Life and Holiness is Thomas Merton's classic text on incorporating spirituality into everyday life. Merton here makes clear that he was a monk who knew the world. Of course, Merton lived a secular life until he became a Trappist monk in his late twenties, but even in the monastery he was deeply engaged in the questions of his day. In this succinct and readily accessible work, he offers compelling thoughts on what it means to be holy in the face of the anxieties of the modern age. Henri J. M. Nouwen offers his own personal memories of his one encounter with Merton.
|Publisher:||Martino Fine Books|
|Product dimensions:||6.00(w) x 9.00(h) x 0.41(d)|
About the Author
Thomas Merton (1915-1968), Trappist monk, author, and peacea activist, came to international prominence at a young age with his classic autobiography, The Seven Story Mountain. Over the rest of his life he wrote prolifically on a vast range of topics, including prayer, interior growth, social responsibility, violence, and war. Toward the end of his life he played a significant role in introducing Eastern religions to the West. He is regarded today as a spiritual master, a brilliant religious writer. and a man who embodied the quest for God and human solidarity in the modern world.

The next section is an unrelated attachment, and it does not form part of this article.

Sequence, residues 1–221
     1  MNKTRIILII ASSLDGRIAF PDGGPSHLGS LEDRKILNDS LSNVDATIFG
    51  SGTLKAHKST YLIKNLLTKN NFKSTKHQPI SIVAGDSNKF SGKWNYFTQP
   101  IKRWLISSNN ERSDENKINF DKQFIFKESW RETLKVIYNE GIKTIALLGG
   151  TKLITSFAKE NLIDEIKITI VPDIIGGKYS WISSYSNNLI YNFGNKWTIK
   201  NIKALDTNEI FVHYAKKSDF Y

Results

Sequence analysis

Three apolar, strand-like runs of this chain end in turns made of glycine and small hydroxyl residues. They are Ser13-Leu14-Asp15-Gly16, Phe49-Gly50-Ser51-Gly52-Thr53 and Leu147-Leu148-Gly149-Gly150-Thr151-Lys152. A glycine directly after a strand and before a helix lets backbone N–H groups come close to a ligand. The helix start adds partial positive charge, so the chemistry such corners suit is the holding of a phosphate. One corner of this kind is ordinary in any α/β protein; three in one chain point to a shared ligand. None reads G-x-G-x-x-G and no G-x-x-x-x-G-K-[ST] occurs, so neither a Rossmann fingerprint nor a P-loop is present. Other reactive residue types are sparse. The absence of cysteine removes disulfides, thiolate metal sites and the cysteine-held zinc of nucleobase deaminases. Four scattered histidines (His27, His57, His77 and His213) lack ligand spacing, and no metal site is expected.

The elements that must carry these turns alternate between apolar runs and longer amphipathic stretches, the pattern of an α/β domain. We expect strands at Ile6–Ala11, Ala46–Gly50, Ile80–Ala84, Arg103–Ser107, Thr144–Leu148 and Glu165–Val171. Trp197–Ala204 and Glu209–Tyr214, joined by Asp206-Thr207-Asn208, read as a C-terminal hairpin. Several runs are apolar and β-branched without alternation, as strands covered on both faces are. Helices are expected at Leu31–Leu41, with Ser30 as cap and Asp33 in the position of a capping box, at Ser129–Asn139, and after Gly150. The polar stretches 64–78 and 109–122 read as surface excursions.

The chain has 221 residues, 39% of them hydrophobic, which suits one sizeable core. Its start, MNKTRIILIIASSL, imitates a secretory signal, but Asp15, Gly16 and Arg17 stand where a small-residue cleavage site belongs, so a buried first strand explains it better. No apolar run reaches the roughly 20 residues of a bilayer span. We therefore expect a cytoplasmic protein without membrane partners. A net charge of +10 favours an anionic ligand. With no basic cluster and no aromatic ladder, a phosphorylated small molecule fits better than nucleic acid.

Table of Contents
|Introduction to the 1996 Edition||3|
|II||The Testing of Ideals||33|
|III||Christ, the Way||53|
|IV||The Life of Faith||71|
|V||Growth in Christ||85|
Most Helpful Customer Reviews
Life and Holiness based on 0 ratings. 2 reviews.
In 'Life and Holiness', Merton perfectly outlines what it means to be Holy. To most, Holiness is something you'd know if you saw, but could never fully explain. Merton tackles this mystery systematically, and throughout the work, paints a picture of holiness as it applies to Christian community life. I can't think of any other man who could better explain holiness than one who dedicated his life to the Lord's work. Merton's works have assisted me in my own discernment, but also in my daily life. His words will echoe for eternity.
In concrete, down-to-earth terms, Merton explores how to incorporate a robust Roman Catholic spirituality in an active, contemporary life. Although he was writing as a monk, Merton's call to personal holiness in the active, non-monastic life is incisive, convincing and completely on point. Merton explains in clear terms how one can, and indeed must, maintain deep, active concern for the events that surround us, and be an active participant in these events, in order to cultivate and fully develop our individual capacity for personal holiness. A tremendous work, highly recommendable for anyone seeking guidance regarding how a passionate spirituality can be integrated into an active and busy life.